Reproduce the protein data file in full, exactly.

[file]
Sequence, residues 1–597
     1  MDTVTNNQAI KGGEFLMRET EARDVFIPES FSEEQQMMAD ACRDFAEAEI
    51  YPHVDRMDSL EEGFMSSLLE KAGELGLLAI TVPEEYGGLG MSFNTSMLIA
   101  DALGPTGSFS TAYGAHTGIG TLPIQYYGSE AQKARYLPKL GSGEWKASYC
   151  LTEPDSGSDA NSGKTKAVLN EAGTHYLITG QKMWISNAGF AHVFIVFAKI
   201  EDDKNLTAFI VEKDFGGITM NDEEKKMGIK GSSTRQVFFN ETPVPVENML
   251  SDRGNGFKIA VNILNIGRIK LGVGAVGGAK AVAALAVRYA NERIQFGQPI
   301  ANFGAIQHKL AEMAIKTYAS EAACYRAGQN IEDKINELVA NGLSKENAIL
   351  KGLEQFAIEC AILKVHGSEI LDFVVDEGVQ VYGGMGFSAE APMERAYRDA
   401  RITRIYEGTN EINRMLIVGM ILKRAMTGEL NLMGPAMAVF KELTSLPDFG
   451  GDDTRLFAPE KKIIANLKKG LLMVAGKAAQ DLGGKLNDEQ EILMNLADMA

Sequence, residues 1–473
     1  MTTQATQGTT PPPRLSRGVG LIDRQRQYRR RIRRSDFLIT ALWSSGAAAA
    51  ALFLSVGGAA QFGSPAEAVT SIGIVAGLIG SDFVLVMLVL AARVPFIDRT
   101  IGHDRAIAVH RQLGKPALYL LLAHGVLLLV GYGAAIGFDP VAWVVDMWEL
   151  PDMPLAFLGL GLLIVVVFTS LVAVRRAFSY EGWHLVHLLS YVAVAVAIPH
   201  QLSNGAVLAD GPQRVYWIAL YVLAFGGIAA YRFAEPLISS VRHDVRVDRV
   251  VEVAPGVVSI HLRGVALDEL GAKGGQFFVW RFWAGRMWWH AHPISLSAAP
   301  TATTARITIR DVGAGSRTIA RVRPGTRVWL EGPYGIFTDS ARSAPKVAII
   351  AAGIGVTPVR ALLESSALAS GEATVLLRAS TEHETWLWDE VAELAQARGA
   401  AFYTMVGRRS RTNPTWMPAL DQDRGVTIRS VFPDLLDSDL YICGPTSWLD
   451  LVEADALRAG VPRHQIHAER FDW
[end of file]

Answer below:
Sequence, residues 1–597
     1  MDTVTNNQAI KGGEFLMRET EARDVFIPES FSEEQQMMAD ACRDFAEAEI
    51  YPHVDRMDSL EEGFMSSLLE KAGELGLLAI TVPEEYGGLG MSFNTSMLIA
   101  DALGPTGSFS TAYGAHTGIG TLPIQYYGSE AQKARYLPKL GSGEWKASYC
   151  LTEPDSGSDA NSGKTKAVLN EAGTHYLITG QKMWISNAGF AHVFIVFAKI
   201  EDDKNLTAFI VEKDFGGITM NDEEKKMGIK GSSTRQVFFN ETPVPVENML
   251  SDRGNGFKIA VNILNIGRIK LGVGAVGGAK AVAALAVRYA NERIQFGQPI
   301  ANFGAIQHKL AEMAIKTYAS EAACYRAGQN IEDKINELVA NGLSKENAIL
   351  KGLEQFAIEC AILKVHGSEI LDFVVDEGVQ VYGGMGFSAE APMERAYRDA
   401  RITRIYEGTN EINRMLIVGM ILKRAMTGEL NLMGPAMAVF KELTSLPDFG
   451  GDDTRLFAPE KKIIANLKKG LLMVAGKAAQ DLGGKLNDEQ EILMNLADMA

Sequence, residues 1–473
     1  MTTQATQGTT PPPRLSRGVG LIDRQRQYRR RIRRSDFLIT ALWSSGAAAA
    51  ALFLSVGGAA QFGSPAEAVT SIGIVAGLIG SDFVLVMLVL AARVPFIDRT
   101  IGHDRAIAVH RQLGKPALYL LLAHGVLLLV GYGAAIGFDP VAWVVDMWEL
   151  PDMPLAFLGL GLLIVVVFTS LVAVRRAFSY EGWHLVHLLS YVAVAVAIPH
   201  QLSNGAVLAD GPQRVYWIAL YVLAFGGIAA YRFAEPLISS VRHDVRVDRV
   251  VEVAPGVVSI HLRGVALDEL GAKGGQFFVW RFWAGRMWWH AHPISLSAAP
   301  TATTARITIR DVGAGSRTIA RVRPGTRVWL EGPYGIFTDS ARSAPKVAII
   351  AAGIGVTPVR ALLESSALAS GEATVLLRAS TEHETWLWDE VAELAQARGA
   401  AFYTMVGRRS RTNPTWMPAL DQDRGVTIRS VFPDLLDSDL YICGPTSWLD
   451  LVEADALRAG VPRHQIHAER FDW